Bill Perkins, a hard-charging, reform-minded city and state lawmaker who was a leading voice in the passage of lead-paint inspection laws and an energetic force in Harlem politics across three decades, died Monday night in his Harlem home. He was 74.
“Harlem has lost a giant,” Mayor Adams tweeted Tuesday. “Bill Perkins was a legend of New York government. He was also a good friend. I will miss his company and his counsel.”
As he rose in politics, Perkins emerged as a leading progressive voice — a supporter of the Central Park Five, an early voice against the Iraq War and for LGBT rights.
His death was announced Tuesday by his wife, Pamela Green Perkins.
“After a lifetime fighting for justice, equality and to make the voices of our community heard, my husband, former City Councilman and State Senator Perkins died at home in Harlem, the community he loved and fought for his entire life,” she wrote in a statement. “May he rest in peace and in power.”
The cause was not immediately clear. But Perkins had suffered from dementia in recent years, said Richard Fife, a spokesman for his family.
The Bronx-born Perkins, a graduate of Brown University, worked as a social worker and tenant advocate before his initial election to the City Council in 1998.
The Democrat served three terms in the Council, went to work as a state senator in Albany for a decade, and then returned for two more terms in the Council before leaving government in 2021.
Perkins’ priorities included public education, rat eradication, lead regulation, criminal justice reform and increases to the minimum wage.
Perkins counted mayors David Dinkins and Eric Adams as friends. In 2007, Perkins was the first New York politician to support the presidential run of Barack Obama. Perkins lost his council seat to Kristin Richardson Jordan in the 2021 Democratic primary as he struggled with his health in the final years of his political career.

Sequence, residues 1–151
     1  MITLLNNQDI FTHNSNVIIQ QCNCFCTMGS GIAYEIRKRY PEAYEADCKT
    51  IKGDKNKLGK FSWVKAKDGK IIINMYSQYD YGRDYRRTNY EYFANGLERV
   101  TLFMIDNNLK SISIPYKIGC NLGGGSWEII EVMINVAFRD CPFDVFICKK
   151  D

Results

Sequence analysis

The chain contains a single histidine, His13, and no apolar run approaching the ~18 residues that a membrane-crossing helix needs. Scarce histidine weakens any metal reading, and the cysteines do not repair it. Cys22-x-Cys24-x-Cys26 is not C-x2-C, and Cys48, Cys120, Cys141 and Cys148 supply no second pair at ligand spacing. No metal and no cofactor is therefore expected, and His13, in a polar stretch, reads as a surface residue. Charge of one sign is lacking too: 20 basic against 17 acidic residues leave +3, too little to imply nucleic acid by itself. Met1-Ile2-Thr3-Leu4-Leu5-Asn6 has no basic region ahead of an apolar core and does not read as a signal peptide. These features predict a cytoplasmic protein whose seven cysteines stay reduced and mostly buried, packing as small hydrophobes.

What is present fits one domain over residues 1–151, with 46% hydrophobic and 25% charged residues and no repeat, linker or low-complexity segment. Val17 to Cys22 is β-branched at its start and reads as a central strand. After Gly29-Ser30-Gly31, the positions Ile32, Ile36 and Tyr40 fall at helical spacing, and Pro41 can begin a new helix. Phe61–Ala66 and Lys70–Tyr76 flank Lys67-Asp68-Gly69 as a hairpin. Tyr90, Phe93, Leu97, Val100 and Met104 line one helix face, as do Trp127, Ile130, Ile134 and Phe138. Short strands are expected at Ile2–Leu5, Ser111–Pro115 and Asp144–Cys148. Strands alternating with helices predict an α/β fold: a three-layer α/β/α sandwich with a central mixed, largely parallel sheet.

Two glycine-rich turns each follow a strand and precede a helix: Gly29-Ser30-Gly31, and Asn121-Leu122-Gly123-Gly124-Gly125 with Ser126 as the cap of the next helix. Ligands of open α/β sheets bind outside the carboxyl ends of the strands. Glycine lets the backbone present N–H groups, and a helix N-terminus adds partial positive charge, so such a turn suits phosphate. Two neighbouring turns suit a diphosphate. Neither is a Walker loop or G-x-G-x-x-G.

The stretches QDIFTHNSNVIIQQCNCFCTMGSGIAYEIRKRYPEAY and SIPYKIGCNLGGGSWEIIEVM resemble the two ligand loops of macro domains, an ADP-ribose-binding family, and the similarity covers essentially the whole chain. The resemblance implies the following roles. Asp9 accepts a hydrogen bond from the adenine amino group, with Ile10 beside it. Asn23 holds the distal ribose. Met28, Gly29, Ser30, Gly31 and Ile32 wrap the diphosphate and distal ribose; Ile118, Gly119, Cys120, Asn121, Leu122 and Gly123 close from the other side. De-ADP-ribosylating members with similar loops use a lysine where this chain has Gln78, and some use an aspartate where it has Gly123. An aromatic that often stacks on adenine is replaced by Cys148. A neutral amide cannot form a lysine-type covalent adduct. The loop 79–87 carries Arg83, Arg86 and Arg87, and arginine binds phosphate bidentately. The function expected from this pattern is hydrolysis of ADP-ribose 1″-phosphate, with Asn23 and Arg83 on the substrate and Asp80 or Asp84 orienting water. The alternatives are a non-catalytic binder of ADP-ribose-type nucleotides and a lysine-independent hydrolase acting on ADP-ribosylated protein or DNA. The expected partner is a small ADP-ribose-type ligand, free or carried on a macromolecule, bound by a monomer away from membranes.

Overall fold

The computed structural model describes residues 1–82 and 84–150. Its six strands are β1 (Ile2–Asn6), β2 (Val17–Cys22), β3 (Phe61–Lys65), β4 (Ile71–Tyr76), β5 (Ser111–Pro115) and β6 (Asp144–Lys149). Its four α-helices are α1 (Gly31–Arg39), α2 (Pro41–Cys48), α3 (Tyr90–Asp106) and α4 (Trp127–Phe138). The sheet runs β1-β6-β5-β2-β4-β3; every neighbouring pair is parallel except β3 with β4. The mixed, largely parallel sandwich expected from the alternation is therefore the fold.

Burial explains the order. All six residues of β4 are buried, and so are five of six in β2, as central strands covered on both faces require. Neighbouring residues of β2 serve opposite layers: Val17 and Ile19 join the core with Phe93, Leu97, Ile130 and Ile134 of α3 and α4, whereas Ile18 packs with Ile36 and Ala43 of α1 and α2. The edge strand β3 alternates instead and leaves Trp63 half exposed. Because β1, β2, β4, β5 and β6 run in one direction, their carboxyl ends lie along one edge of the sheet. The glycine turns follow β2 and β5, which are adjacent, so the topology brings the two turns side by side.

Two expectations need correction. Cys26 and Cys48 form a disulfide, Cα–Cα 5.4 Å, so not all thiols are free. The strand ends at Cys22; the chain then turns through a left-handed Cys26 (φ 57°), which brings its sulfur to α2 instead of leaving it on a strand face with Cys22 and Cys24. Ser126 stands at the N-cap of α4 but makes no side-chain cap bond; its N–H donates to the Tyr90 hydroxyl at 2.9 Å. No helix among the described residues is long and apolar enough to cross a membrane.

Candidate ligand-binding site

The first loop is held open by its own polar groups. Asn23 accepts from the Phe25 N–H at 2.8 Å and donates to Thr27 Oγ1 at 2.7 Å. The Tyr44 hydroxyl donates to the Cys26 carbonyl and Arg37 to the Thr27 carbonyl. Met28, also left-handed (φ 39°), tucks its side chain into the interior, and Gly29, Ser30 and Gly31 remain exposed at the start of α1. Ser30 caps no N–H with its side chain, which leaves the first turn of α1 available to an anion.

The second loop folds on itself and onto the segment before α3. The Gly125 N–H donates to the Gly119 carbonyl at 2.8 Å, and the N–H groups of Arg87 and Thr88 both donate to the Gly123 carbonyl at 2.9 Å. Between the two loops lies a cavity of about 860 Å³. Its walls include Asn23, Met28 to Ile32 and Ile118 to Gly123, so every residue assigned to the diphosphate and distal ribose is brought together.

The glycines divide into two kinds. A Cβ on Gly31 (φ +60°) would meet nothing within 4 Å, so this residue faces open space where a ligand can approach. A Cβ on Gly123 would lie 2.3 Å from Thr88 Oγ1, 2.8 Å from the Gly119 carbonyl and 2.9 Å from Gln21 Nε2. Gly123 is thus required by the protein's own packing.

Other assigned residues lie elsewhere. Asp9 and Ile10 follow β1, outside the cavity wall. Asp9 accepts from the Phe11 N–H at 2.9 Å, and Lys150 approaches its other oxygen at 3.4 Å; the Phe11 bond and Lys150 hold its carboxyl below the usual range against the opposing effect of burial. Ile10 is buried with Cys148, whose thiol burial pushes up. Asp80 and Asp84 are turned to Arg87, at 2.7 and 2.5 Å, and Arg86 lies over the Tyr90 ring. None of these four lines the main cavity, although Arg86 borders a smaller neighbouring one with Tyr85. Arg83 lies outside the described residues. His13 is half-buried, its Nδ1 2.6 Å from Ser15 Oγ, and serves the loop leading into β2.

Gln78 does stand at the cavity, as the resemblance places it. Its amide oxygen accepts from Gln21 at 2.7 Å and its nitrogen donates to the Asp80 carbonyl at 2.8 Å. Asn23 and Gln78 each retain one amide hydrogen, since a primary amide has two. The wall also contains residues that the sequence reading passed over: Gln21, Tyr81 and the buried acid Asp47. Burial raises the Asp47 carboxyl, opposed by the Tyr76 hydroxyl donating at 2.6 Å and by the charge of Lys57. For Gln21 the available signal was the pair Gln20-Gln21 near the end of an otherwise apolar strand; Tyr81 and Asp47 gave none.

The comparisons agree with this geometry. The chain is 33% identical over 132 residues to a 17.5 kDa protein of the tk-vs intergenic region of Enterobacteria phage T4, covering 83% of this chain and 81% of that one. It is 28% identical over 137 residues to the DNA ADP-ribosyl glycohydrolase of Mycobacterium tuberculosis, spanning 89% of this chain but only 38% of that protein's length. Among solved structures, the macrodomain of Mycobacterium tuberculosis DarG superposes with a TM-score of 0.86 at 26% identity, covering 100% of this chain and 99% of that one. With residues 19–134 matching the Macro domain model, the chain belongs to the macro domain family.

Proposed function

Former Rep. Charles Rangel, Harlem’s longtime voice in Congress, said in a phone call that Perkins started as a “young maverick” fighting the political power structure and blossomed into a “great public official.”
“He was a hard-working working official and he served this community well,” Rangel said. “It didn’t mean he agreed with everybody, but he always had the people first in his thoughts.”
“He will be missed by all of us who knew and worked with him,” Rangel added.
As a younger man, Perkins served as deputy majority leader of the City Council.
He was arrested protesting the 1999 killing of Amadou Diallo, an unarmed street peddler from West Africa who died in a hail of 41 bullets fired by four four plainclothes police officers.
He sponsored the Childhood Lead Paint Poisoning Prevention Act of 2004, a law forcing landlords to fix paint hazards in apartments.
As a senator in Albany, Perkins led a push to require reductions in sulfur in heating oil, a bid to reduce the risks of acid rain. He often fixed his focus on the health of New Yorkers, and pushed for more cancer screenings.
“Health care is a great, great problem in our city,” Perkins said in a 2005 interview with the City University of New York. “There are serious health care disparities in our cities.”
And long before Adams made killing rats a cornerstone of his administration, Perkins was a vocal vermin denigrator. He led legislation aimed at banning eating on the subways.
The Washington Post called him “The Rat Man.”
“I know cultures where they don’t abhor the rat; there are places where they worship the rat,” Perkins told MetroFocus in 2012. “That’s not New York, and that’s not me!”
Perkins was born in the South Bronx in 1949 and was raised with two brothers and a cousin by his mother. He studied at the Collegiate School before heading to college at Brown in Rhode Island. He described himself as a child of the civil rights movement.
After returning to New York, he created the Sojourner Truth Democratic Club as a headquarters for his community work.
“Councilman Perkins showed courage when others would not and was a fearless advocate for the vulnerable,” Rep. Adriano Espaillat, a Manhattan Democrat, said in a statement. “He treated all with the respect, equity and justice that they deserved, and he demanded change when and where it was needed the most.”